How Not to Talk to Mormons

Last week two Mormon missionaries came to my door. They were bright and friendly. They were polite and articulate. They were bold and confident. And they had a plan.

I, however, was caught off guard. My 5-year-old had opened the door to them without telling me, and when I came downstairs to the sound of the doorbell, the two young ladies were standing right outside. There was no hiding around the corner until they left, as I had planned.

So we talked. They asked questions about my children. We talked about the 102-degree heat they were trekking around in (wearing long, heavy skirts!). Then we got to the point of their visit — to convert me to Mormonism. First, I told them that my husband was a pastor at the Bible church across the street. When that didn’t seem to dissuade them, I told them that I was familiar with Mormonism but I didn’t believe in it.

Up to the Challenge?

They then wanted to know what I knew and why I didn’t believe. At that point, I got a bit flustered and blurted something about not believing that Joseph Smith had a revelation from God and my belief in the original biblical canon, which should not be added to. I was frazzled, trying to keep my children from escaping out the front door while defending my beliefs. At the same time, I was frustrated with myself for wasting an opportunity to tell these women about Jesus.

Recently, Tim Challies wrote about this exact thing:

There are many strategies for engaging with Jehovah’s Witnesses and Mormons and members of other cults. Many of these strategies are wise and helpful. But you have to be careful with them — you can win the argument even while you lose the opportunity. You can win the argument about the authority of the Bible but still lose the opportunity to share the gospel. Ultimately, we don’t want to persuade them of their faulty theology, but to have the Spirit persuade them of their faulty gospel. This will happen only when we tell them the true gospel, the saving gospel, the gospel of grace. We can have utter confidence in this strategy because the gospel is the power of God for salvation.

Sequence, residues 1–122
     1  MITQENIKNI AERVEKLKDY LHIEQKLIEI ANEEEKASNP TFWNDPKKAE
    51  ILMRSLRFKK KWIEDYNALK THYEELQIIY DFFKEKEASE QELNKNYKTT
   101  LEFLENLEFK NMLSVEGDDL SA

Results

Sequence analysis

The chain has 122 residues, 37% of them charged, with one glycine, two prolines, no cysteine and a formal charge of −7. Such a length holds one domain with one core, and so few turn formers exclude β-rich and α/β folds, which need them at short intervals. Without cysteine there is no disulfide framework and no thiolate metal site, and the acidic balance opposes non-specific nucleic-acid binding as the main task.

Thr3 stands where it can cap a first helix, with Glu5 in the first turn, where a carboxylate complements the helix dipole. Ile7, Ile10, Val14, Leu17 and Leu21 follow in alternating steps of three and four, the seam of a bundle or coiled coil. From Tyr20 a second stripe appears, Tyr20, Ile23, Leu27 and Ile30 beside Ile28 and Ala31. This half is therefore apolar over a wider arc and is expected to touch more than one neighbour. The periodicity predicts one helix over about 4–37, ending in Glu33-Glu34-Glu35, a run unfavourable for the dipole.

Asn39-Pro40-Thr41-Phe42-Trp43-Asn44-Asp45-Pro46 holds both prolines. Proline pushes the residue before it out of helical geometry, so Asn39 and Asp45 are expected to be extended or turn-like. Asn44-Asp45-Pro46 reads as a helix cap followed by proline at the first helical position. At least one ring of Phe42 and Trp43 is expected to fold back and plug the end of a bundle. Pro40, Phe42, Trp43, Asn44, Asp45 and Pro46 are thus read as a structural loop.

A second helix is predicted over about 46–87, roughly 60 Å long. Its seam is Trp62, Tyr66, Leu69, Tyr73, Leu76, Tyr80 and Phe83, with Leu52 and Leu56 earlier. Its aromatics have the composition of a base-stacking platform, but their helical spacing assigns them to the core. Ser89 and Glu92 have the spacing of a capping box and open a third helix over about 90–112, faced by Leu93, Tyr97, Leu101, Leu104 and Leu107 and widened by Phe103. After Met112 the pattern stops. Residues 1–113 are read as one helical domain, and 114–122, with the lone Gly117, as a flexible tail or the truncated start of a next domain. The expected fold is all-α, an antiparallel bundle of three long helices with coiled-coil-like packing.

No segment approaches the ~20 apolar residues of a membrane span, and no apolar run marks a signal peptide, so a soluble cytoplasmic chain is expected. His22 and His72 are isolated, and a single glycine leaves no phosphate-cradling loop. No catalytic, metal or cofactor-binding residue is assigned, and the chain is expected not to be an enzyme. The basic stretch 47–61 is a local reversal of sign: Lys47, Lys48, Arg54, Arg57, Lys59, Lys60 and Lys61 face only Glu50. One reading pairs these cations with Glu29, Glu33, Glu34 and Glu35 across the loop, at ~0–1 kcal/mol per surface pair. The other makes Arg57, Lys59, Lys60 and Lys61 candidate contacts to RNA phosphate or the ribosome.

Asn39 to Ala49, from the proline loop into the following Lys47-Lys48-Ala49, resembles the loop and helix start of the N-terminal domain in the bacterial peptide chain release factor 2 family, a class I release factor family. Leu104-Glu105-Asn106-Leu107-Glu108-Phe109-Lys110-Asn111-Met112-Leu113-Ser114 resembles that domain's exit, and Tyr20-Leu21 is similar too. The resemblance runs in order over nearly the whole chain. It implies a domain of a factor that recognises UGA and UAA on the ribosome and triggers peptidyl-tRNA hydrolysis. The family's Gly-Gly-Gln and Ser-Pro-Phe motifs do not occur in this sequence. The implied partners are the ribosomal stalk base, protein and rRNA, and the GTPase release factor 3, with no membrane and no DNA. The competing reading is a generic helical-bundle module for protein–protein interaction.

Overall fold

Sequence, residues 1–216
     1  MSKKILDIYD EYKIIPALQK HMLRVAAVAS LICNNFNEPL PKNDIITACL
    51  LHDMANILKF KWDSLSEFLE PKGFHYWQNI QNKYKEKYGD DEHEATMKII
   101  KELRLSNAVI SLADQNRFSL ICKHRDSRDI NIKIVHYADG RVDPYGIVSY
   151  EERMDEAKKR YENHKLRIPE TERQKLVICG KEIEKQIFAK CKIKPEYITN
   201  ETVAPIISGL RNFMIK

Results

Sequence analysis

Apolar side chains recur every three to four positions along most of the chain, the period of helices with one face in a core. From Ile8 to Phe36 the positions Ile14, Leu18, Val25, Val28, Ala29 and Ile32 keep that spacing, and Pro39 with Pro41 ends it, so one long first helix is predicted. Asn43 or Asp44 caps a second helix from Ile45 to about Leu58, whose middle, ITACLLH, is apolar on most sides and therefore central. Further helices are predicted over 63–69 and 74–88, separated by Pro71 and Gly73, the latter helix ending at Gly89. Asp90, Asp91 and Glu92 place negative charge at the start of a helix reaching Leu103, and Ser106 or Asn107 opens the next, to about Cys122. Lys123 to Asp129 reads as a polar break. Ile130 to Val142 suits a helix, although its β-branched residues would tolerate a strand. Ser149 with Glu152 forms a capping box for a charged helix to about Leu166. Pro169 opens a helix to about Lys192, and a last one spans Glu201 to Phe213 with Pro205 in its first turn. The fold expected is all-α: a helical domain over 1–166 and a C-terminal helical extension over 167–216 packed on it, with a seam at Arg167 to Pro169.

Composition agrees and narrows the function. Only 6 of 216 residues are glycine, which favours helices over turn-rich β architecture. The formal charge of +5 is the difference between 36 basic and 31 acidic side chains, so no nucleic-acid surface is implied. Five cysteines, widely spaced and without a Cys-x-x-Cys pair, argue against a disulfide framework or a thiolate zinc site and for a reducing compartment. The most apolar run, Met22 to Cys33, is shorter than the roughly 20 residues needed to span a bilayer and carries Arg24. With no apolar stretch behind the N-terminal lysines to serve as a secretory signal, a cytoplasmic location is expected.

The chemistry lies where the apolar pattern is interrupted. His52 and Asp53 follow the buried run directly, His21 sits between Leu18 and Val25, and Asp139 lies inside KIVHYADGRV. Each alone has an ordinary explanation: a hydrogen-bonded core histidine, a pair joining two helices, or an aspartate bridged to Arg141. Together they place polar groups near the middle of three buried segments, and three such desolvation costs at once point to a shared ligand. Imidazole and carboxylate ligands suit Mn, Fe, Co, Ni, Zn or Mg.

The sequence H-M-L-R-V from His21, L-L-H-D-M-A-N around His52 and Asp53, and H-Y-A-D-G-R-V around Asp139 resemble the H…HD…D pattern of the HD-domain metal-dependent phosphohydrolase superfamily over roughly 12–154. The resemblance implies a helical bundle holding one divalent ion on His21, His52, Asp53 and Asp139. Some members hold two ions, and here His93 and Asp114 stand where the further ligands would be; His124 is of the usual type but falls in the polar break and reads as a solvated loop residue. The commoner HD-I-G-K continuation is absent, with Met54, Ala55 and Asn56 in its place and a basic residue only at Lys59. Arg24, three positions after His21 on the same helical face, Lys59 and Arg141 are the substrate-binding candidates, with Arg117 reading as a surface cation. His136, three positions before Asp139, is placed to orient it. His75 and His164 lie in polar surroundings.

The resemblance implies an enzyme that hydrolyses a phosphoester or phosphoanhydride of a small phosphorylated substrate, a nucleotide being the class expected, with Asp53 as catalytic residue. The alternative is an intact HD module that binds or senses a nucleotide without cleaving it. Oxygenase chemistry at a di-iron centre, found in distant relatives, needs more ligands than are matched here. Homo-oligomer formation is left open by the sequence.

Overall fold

I wish before those young ladies showed up at my door I had thought through how I would interact with them, how I would confidently and lovingly share the gospel and invite them to continue to seek God’s truth through the Bible. I wish I hadn’t felt less prepared than they were.

Honestly, I was impressed with them. They asked me to pray about the Book of Mormon (I declined), and they boldly offered to come back and talk with me and Kevin, even after I had made it clear that he was a pastor and our faith was in the death and resurrection of Jesus Christ.

Toward the end of our conversation, my daughter Sadie asked, “Why did you come here?” One of the girls smiled and said, “We came here to tell you about Jesus.”

I wish I had been better prepared to share Jesus with them. The real Jesus. The One who loves them and can set them free from their striving for righteousness. I want to be “prepared to make a defense” to anyone who asks me about my faith in Christ — especially those who come to my door.

 

[For more about talking with Mormons, or coming out of Mormonism, check out our popular post, “5 Questions With a Former Mormon.”]

 

About the Author

Suzanne Gosselin
Suzanne Hadley Gosselin

Suzanne Hadley Gosselin is a freelance writer and editor. She graduated from Multnomah University with a degree in journalism and biblical theology. She lives in California with her husband, Kevin, who is a family pastor, and her four young children: Josiah, Sadie, Amelia and Jackson. When she’s not hanging out with her kids, Suzanne loves a good cup of coffee, conversation with friends, musical theater and a trip to the beautiful California coast.

Related Content